Al Qaeda 'called for Prince Harry to be killed,' court filing says, as he loses challenge for taxpayer funded protection

28 February 2024, 17:25 | Updated: 28 February 2024, 18:01

Prince Harry
Prince Harry. Picture: Alamy

By Kit Heren

Al Qaeda called for Prince Harry to be killed after he mentioned the number of Taliban fighters he killed in Afghanistan, according to a court filing.

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Harry lost a High Court appeal on Tuesday against the Home Office over his right to automatic police protection in the UK. Immediately after the ruling lawyers for Harry said he plans to appeal.

Harry’s legal team argued he had been singled out and treated “less favourably” than other royals when he was denied the right to automatic police protection in the UK.

But the Government argued Harry’s claim should be dismissed, arguing the Executive Committee for the Protection of Royalty and Public Figures (Ravec), which falls under the Home Office, was entitled to conclude the Duke’s protection should be “bespoke” and considered on a “case-by-case” basis.

Prince Harry
Prince Harry. Picture: Getty

Harry sued the Home Office after it refused to spend taxpayers’ money on him after he left the royal family.

A decision was reached on Tuesday morning that there had been no ‘unlawfulness’ in the decisions made by the Home Office to pull Harry’s security.

The court heard how Harry's European director of security had warned ahead of a trip to the UK last March that Al Qaeda had called for the duke to be killed.

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Prince Harry in Afghanistan
Prince Harry in Afghanistan. Picture: Getty

It came after Harry claimed in his memoir that he had killed 25 Taliban fighters while serving in Afghanistan.

The ruling said that the duke had been back in the UK for a legal hearing in a case against Associated Newspapers Limited.

His security director in Europe wrote to an official in accordance with the agreed procedure' to provide 'formal notice of the Duke of Sussex's travel to the United Kingdom".

The ruling read: "In light of various matters, including that he was the son of King Charles III, a brother of the Prince of Wales, and that Al Qaeda had recently called for the claimant to be killed, the Director of European Security said that the claimant [redacted text].

Prince Harry pictured leaving the High Court after a hearing about his phone hacking case (file image)
Prince Harry pictured leaving the High Court after a hearing about his phone hacking case (file image). Picture: Alamy

"On March 10, 2023, [redacted text], the Deputy Director of Royalty, VIP and MP Security Unit Homeland Security, wrote to say that Ravec would meet to determine what protective security arrangements should be mandated for the visit.

Without pre-empting that decision, [redacted text] said 'it is clear that the proposed visit [redacted text]. If the Duke wishes to [redacted text]'.`'

Prince Harry
Prince Harry. Picture: Alamy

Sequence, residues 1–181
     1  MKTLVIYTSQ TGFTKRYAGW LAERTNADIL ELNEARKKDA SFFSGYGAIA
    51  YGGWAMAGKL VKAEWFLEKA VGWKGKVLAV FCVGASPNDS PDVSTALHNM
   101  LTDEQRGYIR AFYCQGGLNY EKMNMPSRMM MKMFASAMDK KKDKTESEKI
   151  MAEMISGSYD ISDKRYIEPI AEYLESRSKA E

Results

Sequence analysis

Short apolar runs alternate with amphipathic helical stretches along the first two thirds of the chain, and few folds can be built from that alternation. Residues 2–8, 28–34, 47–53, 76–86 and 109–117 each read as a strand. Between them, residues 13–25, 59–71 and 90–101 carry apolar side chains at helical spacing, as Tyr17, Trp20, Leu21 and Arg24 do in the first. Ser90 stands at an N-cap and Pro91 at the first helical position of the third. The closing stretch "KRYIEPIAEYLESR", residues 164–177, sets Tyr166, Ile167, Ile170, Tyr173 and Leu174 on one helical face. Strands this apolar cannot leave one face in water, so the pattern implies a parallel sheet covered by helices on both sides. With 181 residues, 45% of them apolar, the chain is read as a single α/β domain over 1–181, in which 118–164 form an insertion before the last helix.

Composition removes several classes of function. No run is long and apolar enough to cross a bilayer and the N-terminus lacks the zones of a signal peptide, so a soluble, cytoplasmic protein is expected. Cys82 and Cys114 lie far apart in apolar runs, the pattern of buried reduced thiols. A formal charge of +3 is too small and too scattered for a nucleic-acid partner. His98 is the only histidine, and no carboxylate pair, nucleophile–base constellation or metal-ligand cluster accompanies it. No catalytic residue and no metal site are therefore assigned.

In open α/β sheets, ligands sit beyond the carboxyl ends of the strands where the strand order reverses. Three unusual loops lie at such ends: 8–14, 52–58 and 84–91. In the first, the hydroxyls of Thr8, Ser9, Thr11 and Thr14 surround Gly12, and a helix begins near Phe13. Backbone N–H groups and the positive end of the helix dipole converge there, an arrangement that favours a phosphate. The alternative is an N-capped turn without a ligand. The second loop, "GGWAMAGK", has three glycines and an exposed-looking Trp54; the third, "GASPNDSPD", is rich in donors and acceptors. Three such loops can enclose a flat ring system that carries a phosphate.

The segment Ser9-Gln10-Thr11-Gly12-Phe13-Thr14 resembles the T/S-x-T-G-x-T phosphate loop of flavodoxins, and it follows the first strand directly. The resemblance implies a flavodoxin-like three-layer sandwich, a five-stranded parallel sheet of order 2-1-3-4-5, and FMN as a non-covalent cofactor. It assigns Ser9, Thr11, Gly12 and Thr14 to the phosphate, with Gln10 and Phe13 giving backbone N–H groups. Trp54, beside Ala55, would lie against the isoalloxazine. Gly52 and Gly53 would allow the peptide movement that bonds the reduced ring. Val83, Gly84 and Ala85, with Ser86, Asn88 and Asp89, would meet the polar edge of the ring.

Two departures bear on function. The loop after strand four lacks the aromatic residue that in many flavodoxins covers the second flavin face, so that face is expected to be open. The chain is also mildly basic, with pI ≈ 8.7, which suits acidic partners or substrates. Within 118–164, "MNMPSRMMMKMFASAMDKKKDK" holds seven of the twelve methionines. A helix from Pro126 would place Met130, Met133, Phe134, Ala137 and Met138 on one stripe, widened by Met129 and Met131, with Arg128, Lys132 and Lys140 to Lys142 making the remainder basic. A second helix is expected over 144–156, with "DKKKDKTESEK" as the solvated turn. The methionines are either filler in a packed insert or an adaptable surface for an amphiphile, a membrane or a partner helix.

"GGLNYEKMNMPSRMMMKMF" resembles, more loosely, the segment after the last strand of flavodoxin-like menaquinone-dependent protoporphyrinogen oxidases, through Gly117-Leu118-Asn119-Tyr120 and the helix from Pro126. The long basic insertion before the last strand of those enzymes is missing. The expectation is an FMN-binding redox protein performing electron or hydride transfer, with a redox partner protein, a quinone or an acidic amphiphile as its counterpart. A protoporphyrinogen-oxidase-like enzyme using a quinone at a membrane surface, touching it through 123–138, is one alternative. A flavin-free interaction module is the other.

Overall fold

A statement read: "The court has found that there has not been any unlawfulness in reaching the decision of 28 February 2020.

"Any departure from policy was justified. The decision was not irrational.

"The decision was not marred by procedural unfairness. Even if such
procedural unfairness occurred, the court would in any event be prevented from granting the claimant relief.

"This is because, leaving aside any such unlawfulness, it is highly likely that the outcome for the claimant would not have been substantially

Prince Harry
Prince Harry. Picture: Alamy

"The court has also found that there has been no unlawfulness on the part of RAVEC in respect of its arrangements for certain of the claimant’s visits to Great Britain, following the decision of 28 February 2020."

A Home Office spokesperson said: “We are pleased that the Court has found in favour of the Government’s position in this case, and we are carefully considering our next steps. It would be inappropriate to comment further”.

“The UK Government’s protective security system is rigorous and proportionate. It is our long-standing policy not to provide detailed information on those arrangements, as doing so could compromise their integrity and affect individuals’ security”.

The Sussexes were stripped of their protection when they stepped back from royal duties in 2020.

Prince Harry
Prince Harry. Picture: Alamy

In December, Home Office lawyers told the High Court Prince Harry would still have publicly-funded police security, but these would be "bespoke arrangements, specifically tailored to him", rather than the automatic security provided for full-time working royals.

A legal spokesperson for the Duke of Sussex said: “The Duke of Sussex will appeal today’s judgment which refuses his judicial review claim against the decision-making body Ravec, which includes the Home Office, the Royal Household and the Met Police.

“Although these are not labels used by Ravec, three categories – as revealed during the litigation – comprise the ‘Ravec cohort’: the Role Based Category, the Occasional Category and the Other VIP Category.

Prince Harry
Prince Harry. Picture: Alamy

“The Duke is not asking for preferential treatment, but for a fair and lawful application of Ravec’s own rules, ensuring that he receives the same consideration as others in accordance with Ravec’s own written policy.

“In February 2020, Ravec failed to apply its written policy to the Duke of Sussex and excluded him from a particular risk analysis.

“The duke’s case is that the so-called ‘bespoke process’ that applies to him, is no substitute for that risk analysis.

“The Duke of Sussex hopes he will obtain justice from the Court of Appeal, and makes no further comment while the case is ongoing.”